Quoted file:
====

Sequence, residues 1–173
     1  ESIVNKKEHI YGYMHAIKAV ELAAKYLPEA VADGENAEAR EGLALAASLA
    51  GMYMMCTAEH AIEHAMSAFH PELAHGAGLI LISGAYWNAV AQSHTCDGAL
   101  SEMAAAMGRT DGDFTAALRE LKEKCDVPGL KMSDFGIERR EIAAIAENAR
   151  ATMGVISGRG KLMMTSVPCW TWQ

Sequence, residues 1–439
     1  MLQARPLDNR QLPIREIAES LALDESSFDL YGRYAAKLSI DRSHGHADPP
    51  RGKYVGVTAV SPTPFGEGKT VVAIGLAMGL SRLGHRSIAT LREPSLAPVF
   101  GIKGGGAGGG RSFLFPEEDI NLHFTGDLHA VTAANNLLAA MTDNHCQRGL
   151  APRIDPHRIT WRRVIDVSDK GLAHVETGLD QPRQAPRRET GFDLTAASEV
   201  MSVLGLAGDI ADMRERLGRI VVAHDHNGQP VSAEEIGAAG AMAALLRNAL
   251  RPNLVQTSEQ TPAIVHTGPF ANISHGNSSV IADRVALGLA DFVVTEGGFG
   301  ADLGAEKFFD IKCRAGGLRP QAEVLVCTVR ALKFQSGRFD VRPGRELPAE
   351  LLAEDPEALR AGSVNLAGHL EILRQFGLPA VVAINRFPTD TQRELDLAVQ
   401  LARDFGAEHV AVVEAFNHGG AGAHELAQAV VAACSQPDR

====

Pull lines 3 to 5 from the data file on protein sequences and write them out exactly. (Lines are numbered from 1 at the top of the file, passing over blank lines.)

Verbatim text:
    51  GMYMMCTAEH AIEHAMSAFH PELAHGAGLI LISGAYWNAV AQSHTCDGAL
   101  SEMAAAMGRT DGDFTAALRE LKEKCDVPGL KMSDFGIERR EIAAIAENAR
   151  ATMGVISGRG KLMMTSVPCW TWQ